Are you and your teachers tired of the same old "sit-and-get" professional learning initiatives? If you said "yes ✋," then it's time to shake things up by adding some fun to the mix. Amy Storer, instructional coach in Texas, shares a few different ways to include fun as part of your upcoming professional learning sessions.
ne of the first things I learned as an instructional coach is that my work isn't about me. It isn't about my favorite tools or my favorite strategies. What it is about is teacher learning and growth. During my second year as a coach, I honored this by creating a professional learning calendar based on what my teachers wanted to learn more about. These sessions were all optional to attend, but each one was full! I think this is because my teachers felt they had a voice and they had a choice.
Building on this success, a goal of mine was to spice up my professional learning sessions in ways that would be fun for the attendees. Much of my inspiration comes from Rich Czyz's book, The Four O’Clock Faculty. (Fun fact: I loved the meaningful and intentional examples that he provides so much that I own not just one copy but two!) Below are a few ways to transform your next professional learning sessions in a fun way for your staff.
1) Remember the snacks
This is nothing new, but fun all the same. During my first year as an instructional coach, my goal was to build relationships with the staff that I was blessed to work alongside. To do this, I worked on creating themed meetings that also included something sweet. I started with "Cookies with Your Coach" and eventually added others, such as: "Popsicles and PD" and "Donuts and Documentation." Over the years, these sweet-fueled meetings have proven very popular!
2) Create a theme
Who doesn't love a good theme? Me and my administration are always coming up with ways to make our professional learning sessions and time together fun through themes. Below are a few examples.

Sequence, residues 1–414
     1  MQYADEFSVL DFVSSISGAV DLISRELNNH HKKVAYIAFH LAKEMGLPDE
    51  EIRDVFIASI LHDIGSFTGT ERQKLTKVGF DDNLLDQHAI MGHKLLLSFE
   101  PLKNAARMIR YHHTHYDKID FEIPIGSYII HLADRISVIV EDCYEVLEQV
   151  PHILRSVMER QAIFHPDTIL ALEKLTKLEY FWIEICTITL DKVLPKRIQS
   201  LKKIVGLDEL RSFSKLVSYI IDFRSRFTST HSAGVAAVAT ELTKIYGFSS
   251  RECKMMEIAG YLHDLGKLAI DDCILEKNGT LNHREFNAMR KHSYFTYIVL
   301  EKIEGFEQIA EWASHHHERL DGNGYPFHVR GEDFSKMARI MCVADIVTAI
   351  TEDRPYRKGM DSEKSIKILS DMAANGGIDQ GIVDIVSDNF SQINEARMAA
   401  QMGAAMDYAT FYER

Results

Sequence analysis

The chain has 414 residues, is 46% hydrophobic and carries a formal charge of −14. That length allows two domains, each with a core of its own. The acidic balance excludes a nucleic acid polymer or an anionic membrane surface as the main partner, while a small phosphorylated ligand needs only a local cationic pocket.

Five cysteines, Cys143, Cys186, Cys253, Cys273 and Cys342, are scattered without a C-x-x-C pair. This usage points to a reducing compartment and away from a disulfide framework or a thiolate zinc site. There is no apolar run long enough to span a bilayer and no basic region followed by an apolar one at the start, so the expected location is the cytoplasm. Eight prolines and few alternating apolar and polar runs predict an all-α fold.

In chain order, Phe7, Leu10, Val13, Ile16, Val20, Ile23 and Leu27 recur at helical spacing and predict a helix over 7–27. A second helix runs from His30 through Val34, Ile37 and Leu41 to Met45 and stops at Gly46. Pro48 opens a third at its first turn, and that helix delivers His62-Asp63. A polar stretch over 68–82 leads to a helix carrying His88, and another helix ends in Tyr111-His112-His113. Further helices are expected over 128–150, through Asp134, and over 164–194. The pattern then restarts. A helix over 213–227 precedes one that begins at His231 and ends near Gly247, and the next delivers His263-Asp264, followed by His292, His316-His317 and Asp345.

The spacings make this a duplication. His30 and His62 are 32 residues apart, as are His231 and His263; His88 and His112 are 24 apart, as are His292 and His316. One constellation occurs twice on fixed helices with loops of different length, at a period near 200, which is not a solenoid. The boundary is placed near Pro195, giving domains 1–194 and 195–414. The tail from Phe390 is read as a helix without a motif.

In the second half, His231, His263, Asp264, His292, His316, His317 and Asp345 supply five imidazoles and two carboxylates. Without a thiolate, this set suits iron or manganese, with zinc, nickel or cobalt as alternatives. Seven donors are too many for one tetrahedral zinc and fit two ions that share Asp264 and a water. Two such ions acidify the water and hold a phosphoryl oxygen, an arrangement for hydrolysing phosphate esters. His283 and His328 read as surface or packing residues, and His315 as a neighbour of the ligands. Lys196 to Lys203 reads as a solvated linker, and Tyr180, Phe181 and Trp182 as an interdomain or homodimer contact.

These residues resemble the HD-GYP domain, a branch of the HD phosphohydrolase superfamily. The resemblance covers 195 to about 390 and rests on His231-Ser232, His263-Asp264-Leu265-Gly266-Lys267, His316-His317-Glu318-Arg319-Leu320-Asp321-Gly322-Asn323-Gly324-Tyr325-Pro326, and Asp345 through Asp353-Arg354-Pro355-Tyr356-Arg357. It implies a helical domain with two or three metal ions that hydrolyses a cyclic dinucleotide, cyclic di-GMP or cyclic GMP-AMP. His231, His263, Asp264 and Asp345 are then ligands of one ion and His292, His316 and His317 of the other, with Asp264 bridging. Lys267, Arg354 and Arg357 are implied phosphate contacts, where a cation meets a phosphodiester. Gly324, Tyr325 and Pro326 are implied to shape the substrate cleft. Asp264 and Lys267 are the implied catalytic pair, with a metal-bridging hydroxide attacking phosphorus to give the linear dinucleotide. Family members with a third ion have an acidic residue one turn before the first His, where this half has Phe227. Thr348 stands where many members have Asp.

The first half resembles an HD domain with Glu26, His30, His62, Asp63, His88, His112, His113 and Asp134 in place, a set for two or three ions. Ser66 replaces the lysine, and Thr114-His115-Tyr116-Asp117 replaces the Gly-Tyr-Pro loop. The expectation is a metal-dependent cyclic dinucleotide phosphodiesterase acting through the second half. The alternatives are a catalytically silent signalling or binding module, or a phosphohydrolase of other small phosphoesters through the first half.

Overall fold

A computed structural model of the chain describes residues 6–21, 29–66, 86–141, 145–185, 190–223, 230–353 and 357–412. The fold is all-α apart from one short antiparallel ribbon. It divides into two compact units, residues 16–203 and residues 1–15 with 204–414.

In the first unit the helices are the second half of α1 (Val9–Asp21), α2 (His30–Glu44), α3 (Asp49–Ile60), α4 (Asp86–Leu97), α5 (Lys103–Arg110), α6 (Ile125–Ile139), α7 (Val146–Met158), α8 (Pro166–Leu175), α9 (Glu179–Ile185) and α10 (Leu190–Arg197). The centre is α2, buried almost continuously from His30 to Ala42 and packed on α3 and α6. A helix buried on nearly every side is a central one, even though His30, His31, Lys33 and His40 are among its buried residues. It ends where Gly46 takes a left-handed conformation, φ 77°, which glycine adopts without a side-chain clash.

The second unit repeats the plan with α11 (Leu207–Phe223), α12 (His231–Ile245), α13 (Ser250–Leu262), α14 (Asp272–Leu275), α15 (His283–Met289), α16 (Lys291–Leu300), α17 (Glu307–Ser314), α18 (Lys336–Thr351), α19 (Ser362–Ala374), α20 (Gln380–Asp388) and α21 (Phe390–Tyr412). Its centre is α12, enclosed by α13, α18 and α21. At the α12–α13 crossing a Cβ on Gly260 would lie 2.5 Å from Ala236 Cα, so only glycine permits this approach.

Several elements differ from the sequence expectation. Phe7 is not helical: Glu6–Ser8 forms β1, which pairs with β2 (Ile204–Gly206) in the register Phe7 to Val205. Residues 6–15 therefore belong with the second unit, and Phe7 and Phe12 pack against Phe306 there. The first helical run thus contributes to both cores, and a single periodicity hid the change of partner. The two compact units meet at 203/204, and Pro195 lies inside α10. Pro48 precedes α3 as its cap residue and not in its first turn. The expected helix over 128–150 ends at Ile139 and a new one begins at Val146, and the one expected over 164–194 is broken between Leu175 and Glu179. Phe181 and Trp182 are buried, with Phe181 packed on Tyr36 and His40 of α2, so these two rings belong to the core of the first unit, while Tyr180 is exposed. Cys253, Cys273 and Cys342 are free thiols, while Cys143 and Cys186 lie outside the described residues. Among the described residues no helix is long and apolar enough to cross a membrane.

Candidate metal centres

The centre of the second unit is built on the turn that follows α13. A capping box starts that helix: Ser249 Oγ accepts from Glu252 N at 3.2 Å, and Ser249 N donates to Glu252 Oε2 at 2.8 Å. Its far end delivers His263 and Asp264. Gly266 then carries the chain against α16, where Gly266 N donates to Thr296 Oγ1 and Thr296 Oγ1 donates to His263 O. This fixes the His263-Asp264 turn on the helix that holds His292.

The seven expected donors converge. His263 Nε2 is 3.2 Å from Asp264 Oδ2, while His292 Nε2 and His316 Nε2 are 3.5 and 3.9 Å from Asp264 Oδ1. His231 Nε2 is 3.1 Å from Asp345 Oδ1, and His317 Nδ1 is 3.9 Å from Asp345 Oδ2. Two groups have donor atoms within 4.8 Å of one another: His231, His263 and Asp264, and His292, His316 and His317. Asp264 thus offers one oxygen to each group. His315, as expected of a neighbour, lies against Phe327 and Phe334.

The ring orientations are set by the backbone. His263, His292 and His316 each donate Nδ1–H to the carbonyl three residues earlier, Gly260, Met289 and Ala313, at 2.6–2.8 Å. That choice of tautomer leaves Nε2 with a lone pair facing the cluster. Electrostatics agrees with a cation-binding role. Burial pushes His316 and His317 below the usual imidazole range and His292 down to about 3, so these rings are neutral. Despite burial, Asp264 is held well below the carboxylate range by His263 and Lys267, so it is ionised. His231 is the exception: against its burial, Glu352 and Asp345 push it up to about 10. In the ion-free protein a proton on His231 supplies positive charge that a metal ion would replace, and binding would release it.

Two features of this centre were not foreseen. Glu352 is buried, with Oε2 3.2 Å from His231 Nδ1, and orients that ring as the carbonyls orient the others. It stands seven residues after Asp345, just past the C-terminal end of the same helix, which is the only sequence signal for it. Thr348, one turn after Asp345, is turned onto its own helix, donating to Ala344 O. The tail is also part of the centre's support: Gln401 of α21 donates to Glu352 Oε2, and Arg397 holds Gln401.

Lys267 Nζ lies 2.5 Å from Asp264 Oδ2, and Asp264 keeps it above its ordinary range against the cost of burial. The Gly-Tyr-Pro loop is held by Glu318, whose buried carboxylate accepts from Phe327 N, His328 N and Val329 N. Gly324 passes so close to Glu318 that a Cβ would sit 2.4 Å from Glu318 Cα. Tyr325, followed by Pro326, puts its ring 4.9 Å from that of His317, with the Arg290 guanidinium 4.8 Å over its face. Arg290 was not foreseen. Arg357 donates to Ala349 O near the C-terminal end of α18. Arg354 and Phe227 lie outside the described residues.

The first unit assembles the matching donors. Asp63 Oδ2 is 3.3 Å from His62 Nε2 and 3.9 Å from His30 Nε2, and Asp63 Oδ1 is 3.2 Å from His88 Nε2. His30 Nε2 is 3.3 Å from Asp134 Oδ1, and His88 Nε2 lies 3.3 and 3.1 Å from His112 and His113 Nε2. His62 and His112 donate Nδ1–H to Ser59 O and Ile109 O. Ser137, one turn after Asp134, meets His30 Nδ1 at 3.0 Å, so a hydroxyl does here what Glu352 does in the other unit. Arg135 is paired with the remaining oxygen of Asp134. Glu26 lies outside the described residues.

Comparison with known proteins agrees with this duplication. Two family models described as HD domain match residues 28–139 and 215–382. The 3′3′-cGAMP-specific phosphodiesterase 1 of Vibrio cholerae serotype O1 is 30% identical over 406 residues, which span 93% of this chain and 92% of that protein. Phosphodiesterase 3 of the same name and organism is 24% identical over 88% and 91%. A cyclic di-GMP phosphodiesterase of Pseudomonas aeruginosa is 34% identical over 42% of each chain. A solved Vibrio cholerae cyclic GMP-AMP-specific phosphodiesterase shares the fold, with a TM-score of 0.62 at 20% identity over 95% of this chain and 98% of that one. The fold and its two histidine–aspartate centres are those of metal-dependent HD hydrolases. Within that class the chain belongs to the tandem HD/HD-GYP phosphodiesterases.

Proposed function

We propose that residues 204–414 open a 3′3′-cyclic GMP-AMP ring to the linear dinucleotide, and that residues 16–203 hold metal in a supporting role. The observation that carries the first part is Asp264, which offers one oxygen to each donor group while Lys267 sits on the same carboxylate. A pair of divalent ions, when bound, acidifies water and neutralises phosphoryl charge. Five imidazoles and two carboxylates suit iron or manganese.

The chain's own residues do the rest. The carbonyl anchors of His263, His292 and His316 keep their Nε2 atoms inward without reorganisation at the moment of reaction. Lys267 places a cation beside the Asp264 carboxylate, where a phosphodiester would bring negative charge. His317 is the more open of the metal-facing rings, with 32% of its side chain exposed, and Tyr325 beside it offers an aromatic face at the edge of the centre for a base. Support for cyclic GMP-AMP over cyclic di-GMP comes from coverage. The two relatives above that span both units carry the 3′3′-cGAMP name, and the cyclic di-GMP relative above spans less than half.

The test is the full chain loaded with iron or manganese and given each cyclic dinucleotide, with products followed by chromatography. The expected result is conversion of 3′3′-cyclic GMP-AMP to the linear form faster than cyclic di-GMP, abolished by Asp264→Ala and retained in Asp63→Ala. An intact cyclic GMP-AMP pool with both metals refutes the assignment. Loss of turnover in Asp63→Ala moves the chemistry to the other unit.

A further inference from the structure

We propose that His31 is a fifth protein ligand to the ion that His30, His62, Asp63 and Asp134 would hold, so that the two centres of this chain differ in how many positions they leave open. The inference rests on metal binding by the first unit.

Appy Hours are an idea from Rich Czyz's book mentioned above. The idea behind them is that you create and design a time for teachers to come and choose apps, tools, or strategies to explore. They then mingle from table to table with their peers and enjoy snacks and beverages along the way, very similar to a post-work Happy Hour.
I heard about this idea during a Future Ready Conference in New Orleans and it takes on the theme of the Food Network Show, Chopped. I set my teachers the challenge of planning a lesson to meet a particular content standard, including resources from the "pantry" like library books or a camera. When I first tried out this idea it was around Easter and I decided to have that be the theme of the PD with eggs, baskets, decorations, treats and more. As a bonus, I had two students who won "Instructional Coach for a Day" at our campus fundraiser join and help assist the teachers. I loved this so much and can’t wait to do it again this year!
Tech and Treats!
I love Halloween and use the day to host my own version of Tech or Treat! On this particular day, I decorate my entire room and provide teachers with spooky snacks and treats. I usually share a tech tool or a fun activity while they enjoy the break and food.